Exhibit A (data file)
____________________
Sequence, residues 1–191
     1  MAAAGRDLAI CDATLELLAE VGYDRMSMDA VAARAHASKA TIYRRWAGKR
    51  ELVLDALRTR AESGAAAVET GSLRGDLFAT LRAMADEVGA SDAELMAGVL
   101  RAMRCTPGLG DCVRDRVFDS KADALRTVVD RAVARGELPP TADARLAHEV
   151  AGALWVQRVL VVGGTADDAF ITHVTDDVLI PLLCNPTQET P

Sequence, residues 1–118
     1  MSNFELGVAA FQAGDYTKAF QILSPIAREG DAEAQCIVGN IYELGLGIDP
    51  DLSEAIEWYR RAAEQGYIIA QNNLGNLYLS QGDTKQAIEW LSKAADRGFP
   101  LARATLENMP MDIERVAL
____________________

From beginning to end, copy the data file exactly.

Sequence, residues 1–191
     1  MAAAGRDLAI CDATLELLAE VGYDRMSMDA VAARAHASKA TIYRRWAGKR
    51  ELVLDALRTR AESGAAAVET GSLRGDLFAT LRAMADEVGA SDAELMAGVL
   101  RAMRCTPGLG DCVRDRVFDS KADALRTVVD RAVARGELPP TADARLAHEV
   151  AGALWVQRVL VVGGTADDAF ITHVTDDVLI PLLCNPTQET P

Sequence, residues 1–118
     1  MSNFELGVAA FQAGDYTKAF QILSPIAREG DAEAQCIVGN IYELGLGIDP
    51  DLSEAIEWYR RAAEQGYIIA QNNLGNLYLS QGDTKQAIEW LSKAADRGFP
   101  LARATLENMP MDIERVAL